John Goldingay has some very interesting things to say in his book, Do We Need the New Testament? In several places he repeats the notion that neither Israel nor the church were called to advance or bring in or implement the kingdom of God.
There is no direct link between seeking to restrain injustice in society and the implementing of God’s reign. Implementing God’s reign is fortunately God’s business. We have noted that the New Testament does not talk about human beings furthering or spreading or building up or working for God’s reign (p. 47).
An uncomfortable truth about the Holy Spirit is that we cannot control its coming and operation, as we cannot bring in or further or work for God’s reign. . . Our relationship with God is not contractual, so that we could fulfill the right conditions and it would have the desired results, as if our relationship with God resembled putting coins in a vending machine (p. 60).
Unfortunately, Goldingay doesn’t elaborate much on this notion, for it surely runs against the grain of much Christian rhetoric about advancing the kingdom or working for a kingdom agenda.
In our Gospel of Mark course from a weeks ago, we lingered over Jesus’ words about receiving the kingdom.
Truly I tell you, anyone who will not receive the kingdom of God like a little child will never enter it.” And he took the children in his arms, placed his hands on them and blessed them (10:15-16).
We were struck since most of us are used to language of advancing or furthering or even entering. But Jesus speaks of receiving it.
What sort of language do you most associate with the kingdom of God – receiving or advancing? And what is intended by each of these? What do we typically mean by advancing it, and what might Jesus mean by receiving it?
3 thoughts on “On Not Advancing the Kingdom”
This is a good reminder, that the Jesus of the Gospels (esp. Synoptics) uses the language of “receiving” and “entering” the kingdom. God’s reign is a gift, something God brings about, and we receive it and enter it. But I wonder if within the Gospels themselves, and then with the rest of the NT, drawing on OT biblical themes, there might be warrant for thinking at least about participation with God in extending God’s reign throughout the earth.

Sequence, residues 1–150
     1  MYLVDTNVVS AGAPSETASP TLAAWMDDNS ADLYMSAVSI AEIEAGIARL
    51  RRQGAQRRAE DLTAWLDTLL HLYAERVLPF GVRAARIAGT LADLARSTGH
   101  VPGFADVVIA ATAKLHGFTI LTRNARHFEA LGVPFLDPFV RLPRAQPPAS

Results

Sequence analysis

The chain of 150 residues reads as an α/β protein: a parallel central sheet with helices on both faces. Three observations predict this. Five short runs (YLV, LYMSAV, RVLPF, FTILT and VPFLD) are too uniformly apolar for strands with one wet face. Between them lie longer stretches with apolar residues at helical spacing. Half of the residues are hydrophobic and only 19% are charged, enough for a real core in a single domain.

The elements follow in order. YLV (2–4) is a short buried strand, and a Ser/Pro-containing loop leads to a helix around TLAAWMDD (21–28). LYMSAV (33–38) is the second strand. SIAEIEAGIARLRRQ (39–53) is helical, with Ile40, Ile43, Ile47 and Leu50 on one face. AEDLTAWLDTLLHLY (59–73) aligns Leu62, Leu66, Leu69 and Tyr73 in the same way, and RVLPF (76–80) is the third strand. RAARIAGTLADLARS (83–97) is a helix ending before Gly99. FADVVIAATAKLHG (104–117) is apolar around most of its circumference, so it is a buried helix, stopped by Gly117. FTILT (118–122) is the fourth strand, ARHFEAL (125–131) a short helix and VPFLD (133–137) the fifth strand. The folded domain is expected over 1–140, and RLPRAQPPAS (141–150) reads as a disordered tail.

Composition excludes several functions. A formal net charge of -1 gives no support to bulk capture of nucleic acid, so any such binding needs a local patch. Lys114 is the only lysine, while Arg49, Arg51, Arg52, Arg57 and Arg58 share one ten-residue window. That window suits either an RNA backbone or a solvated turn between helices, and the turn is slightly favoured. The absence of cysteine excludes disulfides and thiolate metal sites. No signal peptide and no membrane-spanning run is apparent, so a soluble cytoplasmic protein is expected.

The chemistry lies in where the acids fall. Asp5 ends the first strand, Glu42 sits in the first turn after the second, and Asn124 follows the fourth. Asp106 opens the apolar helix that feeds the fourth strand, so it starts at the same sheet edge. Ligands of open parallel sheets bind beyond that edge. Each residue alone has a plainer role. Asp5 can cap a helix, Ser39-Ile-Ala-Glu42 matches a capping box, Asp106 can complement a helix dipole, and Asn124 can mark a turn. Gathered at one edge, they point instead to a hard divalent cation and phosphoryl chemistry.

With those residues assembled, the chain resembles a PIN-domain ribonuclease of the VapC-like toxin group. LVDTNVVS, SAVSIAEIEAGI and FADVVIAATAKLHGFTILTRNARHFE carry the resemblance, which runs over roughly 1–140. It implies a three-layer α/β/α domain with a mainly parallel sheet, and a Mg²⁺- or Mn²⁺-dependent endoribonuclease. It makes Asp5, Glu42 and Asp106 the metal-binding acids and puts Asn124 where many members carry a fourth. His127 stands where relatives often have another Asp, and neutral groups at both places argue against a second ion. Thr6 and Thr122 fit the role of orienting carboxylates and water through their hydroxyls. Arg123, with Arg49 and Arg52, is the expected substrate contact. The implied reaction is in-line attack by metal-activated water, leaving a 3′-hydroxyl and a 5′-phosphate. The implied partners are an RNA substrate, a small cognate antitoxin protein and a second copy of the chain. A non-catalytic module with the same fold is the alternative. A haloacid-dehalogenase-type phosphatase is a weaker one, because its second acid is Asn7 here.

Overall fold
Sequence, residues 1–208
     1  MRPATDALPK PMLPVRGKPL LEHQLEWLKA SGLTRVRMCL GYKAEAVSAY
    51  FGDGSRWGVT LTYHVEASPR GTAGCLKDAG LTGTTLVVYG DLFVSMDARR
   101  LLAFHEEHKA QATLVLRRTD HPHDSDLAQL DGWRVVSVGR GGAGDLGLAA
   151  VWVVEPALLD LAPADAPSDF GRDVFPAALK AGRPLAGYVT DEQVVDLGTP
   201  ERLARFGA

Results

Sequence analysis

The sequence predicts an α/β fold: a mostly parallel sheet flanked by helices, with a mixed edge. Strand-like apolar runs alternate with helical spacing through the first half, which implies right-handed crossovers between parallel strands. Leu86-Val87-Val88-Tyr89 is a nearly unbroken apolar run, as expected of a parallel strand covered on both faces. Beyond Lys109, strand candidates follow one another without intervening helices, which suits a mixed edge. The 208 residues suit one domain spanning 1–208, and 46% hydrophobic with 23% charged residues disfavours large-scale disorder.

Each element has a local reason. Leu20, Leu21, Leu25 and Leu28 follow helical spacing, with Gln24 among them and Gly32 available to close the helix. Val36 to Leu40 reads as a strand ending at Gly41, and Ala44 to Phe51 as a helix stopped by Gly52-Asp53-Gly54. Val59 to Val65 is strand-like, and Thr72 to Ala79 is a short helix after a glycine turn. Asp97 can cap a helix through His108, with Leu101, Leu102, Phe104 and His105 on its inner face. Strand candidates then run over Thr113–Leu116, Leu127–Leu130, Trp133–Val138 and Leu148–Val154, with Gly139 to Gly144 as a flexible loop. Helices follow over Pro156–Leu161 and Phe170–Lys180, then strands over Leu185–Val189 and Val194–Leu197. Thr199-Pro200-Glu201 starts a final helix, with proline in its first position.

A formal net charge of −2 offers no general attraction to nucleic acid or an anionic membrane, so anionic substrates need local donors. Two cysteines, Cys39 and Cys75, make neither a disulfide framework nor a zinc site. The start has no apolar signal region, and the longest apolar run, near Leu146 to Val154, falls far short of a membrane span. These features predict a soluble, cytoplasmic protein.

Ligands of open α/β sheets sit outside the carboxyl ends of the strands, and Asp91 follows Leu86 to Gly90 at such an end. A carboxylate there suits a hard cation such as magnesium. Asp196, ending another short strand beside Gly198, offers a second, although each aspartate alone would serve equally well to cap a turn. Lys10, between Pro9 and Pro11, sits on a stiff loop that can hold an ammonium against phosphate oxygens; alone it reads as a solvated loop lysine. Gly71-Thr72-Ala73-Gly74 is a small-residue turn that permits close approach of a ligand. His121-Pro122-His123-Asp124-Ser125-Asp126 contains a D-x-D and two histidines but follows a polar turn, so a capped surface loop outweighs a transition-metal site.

I’m thinking of Matthew’s Great Commission, for example – the language is of making “disciples” (student-followers, apprentices) who would then presumably carry on the teachings and tasks of their rabbi/master. That basic idea of Jesus’ followers continuing his work in the world at least makes room for an idea of “kingdom-extending.”
Then there are ideas in Paul like 1 Cor 3, of people planting and watering but God making growth, that could be drawing on some of Jesus’ kingdom imagery. Or even Paul’s “body of Messiah” language, with the church being Jesus’ body on earth, presumably then continuing Jesus’ mission. Again, we participate with God in Jesus’ ongoing kingdom work.
Then there are the wider biblical-theological themes related to the kingdom of God, such as ideas from Gen 1 about humanity created in God’s image, i.e. as his royal representatives, reigning over the earth as representatives of God the Creator-King. This is in the background for at least some of the “restoration of the image of God” ideas in the NT, thus opening up the idea that we are in fact in Christ to participate in this reign even now.
So yes, it is a helpful reminder, it can keep us from moving down some wrong sorts of post-millennial “we build the kingdom” or God’s Spirit only works through the Church kinds of emphases. But this kind of appeal to biblical language misses a wider biblical theology that calls on us as Jesus-followers to participate in God’s kingdom-building work in the world, methinks.
A few initial, first-crack sorts of thoughts.
Michael, these were the exact verses that came to my mind. God is surely in charge, but He also uses His followers as tools. How can we believe if we have not heard and how can we hear if no one speaks?
What do you think of Wright’s position (as I understand it, anyway) that the Kingdom of God is God’s just and loving reign over creation through his human vice regents. This at least seems to be what the gospels present God’s Kingdom to be: God reigning through his Christ.
Union with him can only be received, but I’m reminded of the helpful comments you once made about the nature of faith/receiving- it looks like something. Maybe like implementing, advancing or participating?